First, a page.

Certain of the Company’s subsidiaries have been subject to tax audits by governmental authorities in their respective countries. In certain of these tax audits, governmental authorities are proposing that significant amounts of additional taxes and related interest and penalties are due. The Company and its tax advisors believe that there are substantial defenses to their allegations that additional taxes are owed, and the Company is vigorously contesting the additional proposed taxes and related charges. On May 7, 2010, the Company received an assessment from the Mexican Tax Administration Service in an amount equivalent to approximately $97 million, translated at the period ended spot rate, for various items, the majority of which was Value Added Tax, or VAT, allegedly owed on certain of the Company’s products imported into Mexico during the years 2005 and 2006. This assessment is subject to interest and inflationary adjustments. On July 8, 2010, the Company initiated a formal administrative appeal process. On May 13, 2011, the Mexican Tax Administration Service issued a resolution on the Company’s administrative appeal. The resolution nullified the assessment. The Mexican Tax Administration Service can further review the tax audit findings and re-issue some or all of the original assessment. Prior to the nullification the Company entered into agreements with certain insurance companies to allow for the potential issuance of surety bonds in support of its appeal of the assessment. Such surety bonds, if issued, would not affect the availability of the Company’s New Credit Facility. These arrangements with the insurance companies remain in place in the event that the assessment is re-issued. The Company did not record a provision as the Company, based on analysis and guidance from its advisors, does not believe a loss would be probable if the assessment is re-issued or if any additional assessment is issued. Further, the Company is currently unable to reasonably estimate a possible loss or range of loss that could result from an unfavorable outcome if the assessment was re-issued or any additional assessments were to be issued for these or other periods. The Company believes that it has meritorious defenses if the assessment is re-issued or would have meritorious defenses if any additional assessment is issued.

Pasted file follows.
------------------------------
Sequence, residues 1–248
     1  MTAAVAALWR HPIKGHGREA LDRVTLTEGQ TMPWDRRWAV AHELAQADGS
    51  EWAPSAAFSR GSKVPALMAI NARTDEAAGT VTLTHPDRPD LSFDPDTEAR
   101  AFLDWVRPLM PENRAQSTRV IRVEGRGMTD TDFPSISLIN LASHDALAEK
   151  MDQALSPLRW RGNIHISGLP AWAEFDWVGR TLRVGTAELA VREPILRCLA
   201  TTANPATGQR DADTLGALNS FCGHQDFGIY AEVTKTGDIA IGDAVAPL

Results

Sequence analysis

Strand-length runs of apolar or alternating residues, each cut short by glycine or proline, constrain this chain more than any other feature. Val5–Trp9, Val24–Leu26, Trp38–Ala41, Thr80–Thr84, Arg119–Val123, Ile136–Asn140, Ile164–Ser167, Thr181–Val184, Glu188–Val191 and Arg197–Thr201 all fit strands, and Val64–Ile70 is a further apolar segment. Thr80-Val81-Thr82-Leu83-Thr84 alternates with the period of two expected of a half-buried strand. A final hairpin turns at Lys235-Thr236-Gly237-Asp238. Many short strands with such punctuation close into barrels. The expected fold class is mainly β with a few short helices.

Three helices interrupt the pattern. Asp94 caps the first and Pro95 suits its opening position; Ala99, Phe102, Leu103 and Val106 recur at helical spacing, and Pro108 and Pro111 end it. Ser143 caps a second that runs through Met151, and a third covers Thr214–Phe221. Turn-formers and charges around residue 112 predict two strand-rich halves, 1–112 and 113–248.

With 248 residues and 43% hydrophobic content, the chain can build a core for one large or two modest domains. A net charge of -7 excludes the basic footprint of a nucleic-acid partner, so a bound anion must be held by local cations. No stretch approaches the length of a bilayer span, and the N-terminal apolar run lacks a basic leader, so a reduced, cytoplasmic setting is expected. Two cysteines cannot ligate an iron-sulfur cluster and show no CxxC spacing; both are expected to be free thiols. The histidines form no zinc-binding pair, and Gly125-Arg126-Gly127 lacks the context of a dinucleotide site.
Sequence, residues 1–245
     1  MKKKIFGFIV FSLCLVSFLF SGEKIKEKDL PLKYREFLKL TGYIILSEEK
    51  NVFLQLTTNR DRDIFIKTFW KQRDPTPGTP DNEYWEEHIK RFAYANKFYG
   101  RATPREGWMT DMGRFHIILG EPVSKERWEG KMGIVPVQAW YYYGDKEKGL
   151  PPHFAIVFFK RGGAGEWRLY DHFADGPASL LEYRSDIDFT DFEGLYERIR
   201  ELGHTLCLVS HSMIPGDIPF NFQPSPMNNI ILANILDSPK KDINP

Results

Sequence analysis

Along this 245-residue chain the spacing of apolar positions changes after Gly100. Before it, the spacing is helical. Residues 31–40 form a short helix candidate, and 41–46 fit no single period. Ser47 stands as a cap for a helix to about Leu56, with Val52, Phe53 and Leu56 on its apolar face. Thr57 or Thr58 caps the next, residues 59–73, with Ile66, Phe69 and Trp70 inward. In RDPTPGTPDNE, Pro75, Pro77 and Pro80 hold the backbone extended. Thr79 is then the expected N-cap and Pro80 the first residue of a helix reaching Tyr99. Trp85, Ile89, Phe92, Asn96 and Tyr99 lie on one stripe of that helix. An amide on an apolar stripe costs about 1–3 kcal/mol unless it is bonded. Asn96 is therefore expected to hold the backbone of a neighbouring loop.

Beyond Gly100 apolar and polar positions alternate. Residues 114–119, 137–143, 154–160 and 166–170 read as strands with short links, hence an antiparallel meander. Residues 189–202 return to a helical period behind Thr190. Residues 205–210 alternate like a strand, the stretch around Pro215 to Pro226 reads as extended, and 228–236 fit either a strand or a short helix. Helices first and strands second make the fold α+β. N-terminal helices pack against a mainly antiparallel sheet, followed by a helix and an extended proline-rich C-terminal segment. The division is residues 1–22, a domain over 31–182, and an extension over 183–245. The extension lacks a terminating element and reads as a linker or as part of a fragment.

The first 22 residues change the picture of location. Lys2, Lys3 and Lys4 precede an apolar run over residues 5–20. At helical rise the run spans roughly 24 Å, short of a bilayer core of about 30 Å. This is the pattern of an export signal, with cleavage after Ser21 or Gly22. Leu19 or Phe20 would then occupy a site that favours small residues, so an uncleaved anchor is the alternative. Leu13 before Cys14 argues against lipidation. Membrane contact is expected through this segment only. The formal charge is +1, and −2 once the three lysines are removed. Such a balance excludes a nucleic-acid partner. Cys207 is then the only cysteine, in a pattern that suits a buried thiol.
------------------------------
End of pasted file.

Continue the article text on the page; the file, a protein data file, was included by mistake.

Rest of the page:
These matters may take several years to resolve. While the Company believes it has meritorious defenses, it cannot be sure of their ultimate resolution. Although the Company has reserved amounts for certain matters that the Company believes represent the most likely outcome of the resolution of these related disputes, if the Company is incorrect in the assessment, the Company may have to record additional expenses, when it becomes probable that an increased potential liability is warranted.